Road Trippin': Bonnaroo 2011

The famous arch at Bonnaroo '11 in Manchester, TN.
Do you ROO?

Every June in Manchester, Tennessee, something wild and wonderful happens.  Tens of thousands of music fans from all across North America descend upon an enormous field in the middle of nowhere for the Bonnaroo Music & Arts Festival - a celebration of music and culture unlike anything else!  My husband and I had made this trip before in 2004, so this year we were packed, prepped and ready to rock with 134,000 of the strangest and most amazing people you've ever seen.

Kris Mo - wristbanded and ready for rock.
The diverse lineup of artists drew us back to Tennessee this year, and we weren't disappointed. More than 100 bands including Arcade Fire, My Morning Jacket, Buffalo Springfield, Florence + the Machine, and yes, even Eminem rocked on multiple stages throughout the 4 days and nights at all hours.  Magic happened, my friends, and it's a vacation I'll never forget.

So what does this have to do with 'urban farming' and why am I writing about it on the blog?  Well, I was surprised and delighted to find that the love of locally-produced, artisan cuisine and enthusiasm for growing food at home was prevalent at Bonnaroo!  Gourmet food trucks came from across the country to showcase their signature dishes to thousands of fans, and we enjoyed incredible meals like vegan curry from Gastropod (Miami), and a quirky and delicious snack you have to taste to believe called a 'Petro'.        

'The Academy' run by the festival offered free workshops all weekend on topics like sustainable gardening practices, composting, and growing food in containers, even showcasing examples of different garden styles and a mud-and-straw house.  Awesome!  Watching people mingle around the gardens, reading tags and touching the tomato leaves was really cool to see, and my heart nearly burst as I watched passers-by empty their (precious!) water from their reusable bottles onto the dry soil for the plants. It was in the mid-40's all week, and the heat took a toll on everyone, including the veggies!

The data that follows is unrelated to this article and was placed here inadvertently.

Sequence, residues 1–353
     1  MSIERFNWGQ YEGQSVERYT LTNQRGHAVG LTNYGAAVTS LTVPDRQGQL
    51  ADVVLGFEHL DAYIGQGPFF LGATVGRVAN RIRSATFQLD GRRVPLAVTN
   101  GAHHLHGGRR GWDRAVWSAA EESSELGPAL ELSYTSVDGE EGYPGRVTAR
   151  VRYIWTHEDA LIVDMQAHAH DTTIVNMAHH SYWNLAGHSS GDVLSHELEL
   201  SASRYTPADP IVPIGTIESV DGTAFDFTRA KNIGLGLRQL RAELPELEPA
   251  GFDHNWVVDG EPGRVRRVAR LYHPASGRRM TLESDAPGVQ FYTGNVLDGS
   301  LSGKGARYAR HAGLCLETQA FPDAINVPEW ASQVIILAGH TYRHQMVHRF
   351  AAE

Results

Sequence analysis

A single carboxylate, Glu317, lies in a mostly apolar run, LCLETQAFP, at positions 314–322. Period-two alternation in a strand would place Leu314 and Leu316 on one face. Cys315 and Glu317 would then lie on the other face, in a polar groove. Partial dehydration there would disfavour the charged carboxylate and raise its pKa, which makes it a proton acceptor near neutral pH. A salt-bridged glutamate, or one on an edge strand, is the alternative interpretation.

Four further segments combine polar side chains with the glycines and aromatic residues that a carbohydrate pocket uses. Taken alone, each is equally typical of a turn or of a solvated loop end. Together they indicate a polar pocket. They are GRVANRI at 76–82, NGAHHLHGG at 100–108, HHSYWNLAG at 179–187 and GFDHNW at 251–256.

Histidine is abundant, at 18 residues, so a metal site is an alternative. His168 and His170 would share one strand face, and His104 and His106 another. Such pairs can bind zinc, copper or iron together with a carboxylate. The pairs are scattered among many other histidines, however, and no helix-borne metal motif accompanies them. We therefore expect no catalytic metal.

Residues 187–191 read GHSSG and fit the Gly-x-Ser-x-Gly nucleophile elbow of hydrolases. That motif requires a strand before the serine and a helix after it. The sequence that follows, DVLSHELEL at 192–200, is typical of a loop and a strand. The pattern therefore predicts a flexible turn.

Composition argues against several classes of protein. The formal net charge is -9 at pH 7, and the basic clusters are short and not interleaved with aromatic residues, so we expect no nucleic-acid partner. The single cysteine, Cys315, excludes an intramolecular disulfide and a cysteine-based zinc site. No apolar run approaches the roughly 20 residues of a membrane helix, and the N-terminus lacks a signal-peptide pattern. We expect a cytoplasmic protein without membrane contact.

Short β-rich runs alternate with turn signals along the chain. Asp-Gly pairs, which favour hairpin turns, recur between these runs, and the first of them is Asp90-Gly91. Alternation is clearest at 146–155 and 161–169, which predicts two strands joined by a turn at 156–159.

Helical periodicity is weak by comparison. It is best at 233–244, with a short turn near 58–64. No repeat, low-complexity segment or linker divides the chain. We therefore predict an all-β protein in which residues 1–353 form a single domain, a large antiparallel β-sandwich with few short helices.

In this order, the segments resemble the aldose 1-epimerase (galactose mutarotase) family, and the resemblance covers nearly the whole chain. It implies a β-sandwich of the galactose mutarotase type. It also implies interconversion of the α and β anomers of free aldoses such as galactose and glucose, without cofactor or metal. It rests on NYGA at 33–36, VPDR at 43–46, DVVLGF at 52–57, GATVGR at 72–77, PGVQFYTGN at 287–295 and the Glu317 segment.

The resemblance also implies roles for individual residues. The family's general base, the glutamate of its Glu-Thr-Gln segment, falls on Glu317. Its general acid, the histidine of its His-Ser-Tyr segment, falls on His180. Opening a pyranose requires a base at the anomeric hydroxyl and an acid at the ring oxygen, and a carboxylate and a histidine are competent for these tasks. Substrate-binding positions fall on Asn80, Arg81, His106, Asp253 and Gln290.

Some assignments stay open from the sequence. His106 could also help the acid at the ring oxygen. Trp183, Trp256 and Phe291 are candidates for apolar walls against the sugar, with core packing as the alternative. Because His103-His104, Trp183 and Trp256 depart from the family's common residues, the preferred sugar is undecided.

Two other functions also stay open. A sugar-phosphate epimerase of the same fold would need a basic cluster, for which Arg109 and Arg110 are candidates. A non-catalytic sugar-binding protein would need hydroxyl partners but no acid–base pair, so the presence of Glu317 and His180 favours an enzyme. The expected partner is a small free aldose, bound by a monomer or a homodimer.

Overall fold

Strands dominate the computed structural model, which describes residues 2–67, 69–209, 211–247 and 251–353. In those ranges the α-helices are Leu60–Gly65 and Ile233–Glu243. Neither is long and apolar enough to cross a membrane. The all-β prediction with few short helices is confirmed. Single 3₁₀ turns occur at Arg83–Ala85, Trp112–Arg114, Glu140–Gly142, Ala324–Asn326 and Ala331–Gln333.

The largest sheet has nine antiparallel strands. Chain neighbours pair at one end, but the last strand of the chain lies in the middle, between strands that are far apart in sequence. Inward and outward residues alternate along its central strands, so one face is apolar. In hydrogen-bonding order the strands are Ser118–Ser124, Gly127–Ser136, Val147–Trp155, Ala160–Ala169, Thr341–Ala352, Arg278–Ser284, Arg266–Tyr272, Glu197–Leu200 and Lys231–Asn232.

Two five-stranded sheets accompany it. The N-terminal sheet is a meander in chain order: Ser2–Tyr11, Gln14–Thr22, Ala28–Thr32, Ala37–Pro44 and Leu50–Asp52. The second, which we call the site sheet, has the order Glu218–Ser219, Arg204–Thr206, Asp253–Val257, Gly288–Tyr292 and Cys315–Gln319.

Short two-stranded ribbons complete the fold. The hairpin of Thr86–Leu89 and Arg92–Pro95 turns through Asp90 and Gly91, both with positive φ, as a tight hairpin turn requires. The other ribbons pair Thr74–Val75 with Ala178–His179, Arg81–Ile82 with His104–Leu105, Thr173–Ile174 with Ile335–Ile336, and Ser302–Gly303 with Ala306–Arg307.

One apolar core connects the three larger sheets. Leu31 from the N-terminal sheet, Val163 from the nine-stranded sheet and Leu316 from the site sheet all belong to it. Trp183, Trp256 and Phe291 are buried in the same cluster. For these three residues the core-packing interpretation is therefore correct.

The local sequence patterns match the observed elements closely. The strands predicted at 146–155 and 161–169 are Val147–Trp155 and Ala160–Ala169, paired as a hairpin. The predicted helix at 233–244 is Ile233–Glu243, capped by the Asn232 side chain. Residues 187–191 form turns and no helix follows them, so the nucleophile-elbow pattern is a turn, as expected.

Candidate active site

Here's a glimpse at the gardens of Bonnaroo 2011:

Teaching gardens at 'the Academy' - Bonnaroo 2011.

Demonstrating growing food in small spaces with repurposed containers. Sweet!

The Victory Garden surrounded a clay-covered straw bale house - a cool respite from the Tennessee heat!
In one more happy discovery, I found Oxfam at Bonnaroo too! In my last blog post, I mentioned Oxfam's GROW campaign, and they were out in full force at the festival, raising awareness of the campaign and signing up green-minded folks in droves.  Hurray!


One of the first things I learned when I began my journey to become an 'urban farmer' was that our global food system is very broken.  The sad and scary fact is that, despite having plentiful resources on our planet, far too many people are hungry.  Oxfam has launched a new international campaign called GROW which aims to build a better, fairer food system.  Awesome!

According to Oxfam:

We’ve reached a turning point. Here’s what we need to do, starting now, to grow food and justice without wrecking the planet:
• Increase the productivity, self-reliance, and economic opportunity of small-scale farmers, especially women, who depend on agriculture for income and food.
• Increase farmers’ access to resources like water and land,
and make sure they don’t have to unfairly compete with big companies for ownership of these resources.
• Increase farmers’ preparedness in the face of more-frequent and more-extreme droughts, floods, and storms.
• Modernize our food aid programs so they are more effective,
efficient, and fiscally responsible, improving the global
response to natural disasters and food crises.
• Hold governments and businesses accountable for the impacts of their policies and practices on global food security.

For the full factsheet with more information, click here.